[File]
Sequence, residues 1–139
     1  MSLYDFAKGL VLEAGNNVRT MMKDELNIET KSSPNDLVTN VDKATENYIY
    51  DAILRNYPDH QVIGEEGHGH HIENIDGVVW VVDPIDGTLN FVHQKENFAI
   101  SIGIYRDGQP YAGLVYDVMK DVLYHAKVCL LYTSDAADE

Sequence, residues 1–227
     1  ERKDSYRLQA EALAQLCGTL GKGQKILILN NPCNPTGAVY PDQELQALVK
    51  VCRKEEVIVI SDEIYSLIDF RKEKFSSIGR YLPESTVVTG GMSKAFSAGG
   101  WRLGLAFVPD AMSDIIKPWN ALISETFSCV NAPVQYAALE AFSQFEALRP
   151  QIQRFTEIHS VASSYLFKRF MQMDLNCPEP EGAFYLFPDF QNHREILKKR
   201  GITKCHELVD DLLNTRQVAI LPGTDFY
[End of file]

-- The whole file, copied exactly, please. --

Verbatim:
Sequence, residues 1–139
     1  MSLYDFAKGL VLEAGNNVRT MMKDELNIET KSSPNDLVTN VDKATENYIY
    51  DAILRNYPDH QVIGEEGHGH HIENIDGVVW VVDPIDGTLN FVHQKENFAI
   101  SIGIYRDGQP YAGLVYDVMK DVLYHAKVCL LYTSDAADE

Sequence, residues 1–227
     1  ERKDSYRLQA EALAQLCGTL GKGQKILILN NPCNPTGAVY PDQELQALVK
    51  VCRKEEVIVI SDEIYSLIDF RKEKFSSIGR YLPESTVVTG GMSKAFSAGG
   101  WRLGLAFVPD AMSDIIKPWN ALISETFSCV NAPVQYAALE AFSQFEALRP
   151  QIQRFTEIHS VASSYLFKRF MQMDLNCPEP EGAFYLFPDF QNHREILKKR
   201  GITKCHELVD DLLNTRQVAI LPGTDFY